A federal judge has demanded that a construction contractor compensate 43 workers from Mexico with $288,000 and also pay penalties of $63,000 for violating the H-2A program.

A federal judge has upheld the U.S. Department of Labor’s ruling that a construction company from Nebraska, operating in Southern California, engaged in blatant and willful discrimination against American workers. The company, R&R Christo Construction LLC, owned and operated by Randy and Kary Christo, was found to have brought Mexican workers to the U.S. under false pretenses, paid them below minimum wage, and subjected them to unsafe and unsanitary living conditions.

The Department of Labor’s Office of Administrative Law Judges ordered the company to pay $288,719 in back wages to 43 agricultural workers and $63,813 in penalties. The investigation was prompted by a referral from Cal/OSHA, which was investigating an injury suffered by an H-2A worker who had been “loaned” to a roofing subcontractor by R&R Christo Construction. This practice of “loaning” workers for additional profits was found to be a violation of H-2A regulations.

In addition to the H-2A violations, the company was also found to have denied employees overtime wages and failed to provide safe transportation for workers. Most employees were found to be working up to 60 hours per week, but were not receiving overtime pay as required by California law. The living conditions provided by the company were also found to be substandard, with workers housed in overcrowded facilities less than 500 feet from livestock.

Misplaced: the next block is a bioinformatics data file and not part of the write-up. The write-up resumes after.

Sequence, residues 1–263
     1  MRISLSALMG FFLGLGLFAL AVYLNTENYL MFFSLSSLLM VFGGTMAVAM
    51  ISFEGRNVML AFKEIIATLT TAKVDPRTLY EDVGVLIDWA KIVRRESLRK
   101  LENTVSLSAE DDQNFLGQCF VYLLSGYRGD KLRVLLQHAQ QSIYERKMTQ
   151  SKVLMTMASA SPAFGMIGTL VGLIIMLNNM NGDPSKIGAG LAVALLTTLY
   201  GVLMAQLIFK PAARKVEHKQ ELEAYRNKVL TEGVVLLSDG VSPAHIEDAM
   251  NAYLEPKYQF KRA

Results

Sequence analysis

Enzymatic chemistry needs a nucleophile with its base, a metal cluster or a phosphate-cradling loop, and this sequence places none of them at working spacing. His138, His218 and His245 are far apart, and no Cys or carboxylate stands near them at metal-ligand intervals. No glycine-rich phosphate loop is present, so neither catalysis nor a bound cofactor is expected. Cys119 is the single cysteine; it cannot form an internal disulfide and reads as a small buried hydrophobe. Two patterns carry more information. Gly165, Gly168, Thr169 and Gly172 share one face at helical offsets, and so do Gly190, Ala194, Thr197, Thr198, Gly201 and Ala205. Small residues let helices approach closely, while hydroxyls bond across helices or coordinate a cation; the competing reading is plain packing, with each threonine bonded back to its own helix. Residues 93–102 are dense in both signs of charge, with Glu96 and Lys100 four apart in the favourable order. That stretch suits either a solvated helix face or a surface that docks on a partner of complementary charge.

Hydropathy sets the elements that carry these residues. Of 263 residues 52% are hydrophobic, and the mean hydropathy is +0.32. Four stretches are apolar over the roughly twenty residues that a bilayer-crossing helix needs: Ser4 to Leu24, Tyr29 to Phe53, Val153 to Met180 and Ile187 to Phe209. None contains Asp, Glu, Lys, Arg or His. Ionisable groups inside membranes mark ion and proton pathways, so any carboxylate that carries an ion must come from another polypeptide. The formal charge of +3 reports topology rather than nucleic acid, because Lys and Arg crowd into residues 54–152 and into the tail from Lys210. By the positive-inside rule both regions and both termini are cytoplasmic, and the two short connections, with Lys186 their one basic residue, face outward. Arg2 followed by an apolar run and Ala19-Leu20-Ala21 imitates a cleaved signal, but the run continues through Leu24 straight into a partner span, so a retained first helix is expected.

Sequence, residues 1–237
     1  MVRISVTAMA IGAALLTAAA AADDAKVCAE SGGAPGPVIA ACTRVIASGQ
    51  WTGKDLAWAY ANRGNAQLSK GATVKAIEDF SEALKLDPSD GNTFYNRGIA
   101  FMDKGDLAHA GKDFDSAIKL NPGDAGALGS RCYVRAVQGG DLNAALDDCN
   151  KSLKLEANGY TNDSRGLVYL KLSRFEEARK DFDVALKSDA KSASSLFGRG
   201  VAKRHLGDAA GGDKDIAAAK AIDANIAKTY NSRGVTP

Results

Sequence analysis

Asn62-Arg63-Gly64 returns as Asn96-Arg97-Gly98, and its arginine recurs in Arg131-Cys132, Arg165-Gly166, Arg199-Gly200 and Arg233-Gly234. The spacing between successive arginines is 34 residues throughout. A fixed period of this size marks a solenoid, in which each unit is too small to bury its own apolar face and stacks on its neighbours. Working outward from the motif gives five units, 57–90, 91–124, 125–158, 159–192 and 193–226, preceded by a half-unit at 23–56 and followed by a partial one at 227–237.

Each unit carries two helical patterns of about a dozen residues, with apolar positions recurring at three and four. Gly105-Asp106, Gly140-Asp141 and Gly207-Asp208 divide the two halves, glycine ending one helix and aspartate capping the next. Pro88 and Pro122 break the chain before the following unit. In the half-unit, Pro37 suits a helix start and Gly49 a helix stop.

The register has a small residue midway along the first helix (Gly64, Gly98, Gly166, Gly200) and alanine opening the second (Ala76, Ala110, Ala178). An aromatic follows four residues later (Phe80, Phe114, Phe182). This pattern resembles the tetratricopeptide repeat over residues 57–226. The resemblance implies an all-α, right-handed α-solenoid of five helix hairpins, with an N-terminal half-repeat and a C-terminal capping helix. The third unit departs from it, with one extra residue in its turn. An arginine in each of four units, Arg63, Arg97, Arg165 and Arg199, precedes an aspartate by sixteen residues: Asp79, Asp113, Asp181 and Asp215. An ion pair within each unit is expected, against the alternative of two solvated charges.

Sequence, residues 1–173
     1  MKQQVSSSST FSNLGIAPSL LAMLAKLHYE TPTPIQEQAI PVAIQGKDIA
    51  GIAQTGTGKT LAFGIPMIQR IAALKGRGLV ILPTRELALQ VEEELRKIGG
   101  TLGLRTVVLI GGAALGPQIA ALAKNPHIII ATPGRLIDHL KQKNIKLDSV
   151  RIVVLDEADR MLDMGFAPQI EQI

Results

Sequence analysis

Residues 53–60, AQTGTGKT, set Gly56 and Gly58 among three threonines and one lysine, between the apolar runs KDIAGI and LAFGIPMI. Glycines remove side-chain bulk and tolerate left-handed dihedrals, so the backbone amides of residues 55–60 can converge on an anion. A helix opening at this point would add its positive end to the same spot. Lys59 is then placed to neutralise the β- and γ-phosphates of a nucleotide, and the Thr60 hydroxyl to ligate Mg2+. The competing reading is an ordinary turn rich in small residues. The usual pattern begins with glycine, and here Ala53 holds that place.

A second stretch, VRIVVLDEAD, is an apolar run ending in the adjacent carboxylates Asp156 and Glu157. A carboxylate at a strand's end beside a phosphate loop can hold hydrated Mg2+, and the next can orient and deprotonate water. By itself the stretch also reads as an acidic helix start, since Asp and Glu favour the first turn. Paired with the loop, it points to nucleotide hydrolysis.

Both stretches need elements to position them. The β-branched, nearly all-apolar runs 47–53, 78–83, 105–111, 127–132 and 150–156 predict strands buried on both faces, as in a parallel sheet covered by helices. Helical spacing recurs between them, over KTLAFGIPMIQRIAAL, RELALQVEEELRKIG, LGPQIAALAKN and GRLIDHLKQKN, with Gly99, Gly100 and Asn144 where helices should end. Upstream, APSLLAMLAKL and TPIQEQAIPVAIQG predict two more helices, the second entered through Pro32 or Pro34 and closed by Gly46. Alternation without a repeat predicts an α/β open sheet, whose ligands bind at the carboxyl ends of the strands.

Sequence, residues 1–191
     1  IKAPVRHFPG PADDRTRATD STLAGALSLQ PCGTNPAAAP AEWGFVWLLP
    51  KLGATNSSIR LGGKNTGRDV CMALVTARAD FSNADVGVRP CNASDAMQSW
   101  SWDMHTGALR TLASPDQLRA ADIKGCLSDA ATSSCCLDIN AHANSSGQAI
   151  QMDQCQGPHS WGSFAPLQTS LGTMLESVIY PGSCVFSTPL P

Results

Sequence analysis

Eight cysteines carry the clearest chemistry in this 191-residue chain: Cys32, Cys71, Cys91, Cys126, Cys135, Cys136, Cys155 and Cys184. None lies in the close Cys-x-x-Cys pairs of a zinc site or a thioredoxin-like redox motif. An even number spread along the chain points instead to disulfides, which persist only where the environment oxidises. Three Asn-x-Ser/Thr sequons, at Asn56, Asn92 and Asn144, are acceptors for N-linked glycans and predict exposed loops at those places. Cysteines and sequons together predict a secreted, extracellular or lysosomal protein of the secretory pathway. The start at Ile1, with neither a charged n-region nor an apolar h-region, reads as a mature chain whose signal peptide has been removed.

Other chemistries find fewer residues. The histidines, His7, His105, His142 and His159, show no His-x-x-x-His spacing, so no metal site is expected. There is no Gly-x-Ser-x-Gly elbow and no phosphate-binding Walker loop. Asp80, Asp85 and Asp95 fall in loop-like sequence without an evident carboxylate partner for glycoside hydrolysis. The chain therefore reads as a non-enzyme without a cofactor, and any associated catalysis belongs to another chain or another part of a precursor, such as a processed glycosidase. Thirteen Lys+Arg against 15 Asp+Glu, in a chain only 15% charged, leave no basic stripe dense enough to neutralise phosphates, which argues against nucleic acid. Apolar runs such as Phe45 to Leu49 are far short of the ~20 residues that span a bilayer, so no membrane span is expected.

Wage and Hour Division Assistant District Director Rafael Valles stated, “R&R Christo Construction discriminated against U.S. construction workers and failed to meet its legal requirements for employing agricultural workers from outside the U.S. seeking better opportunities. The blatant disregard of these requirements and abuse of dozens of vulnerable workers from Mexico is inexcusable.”

Western Regional Solicitor Marc Pilotin added, “R&R Christo Construction exploited workers deliberately and tried to game the system by unlawfully misrepresenting the intent and crucial elements of the H-2A agricultural worker program. This emphasizes the importance of enforcing labor laws and protecting vulnerable workers from exploitation.”  

Share This Article
Leave a comment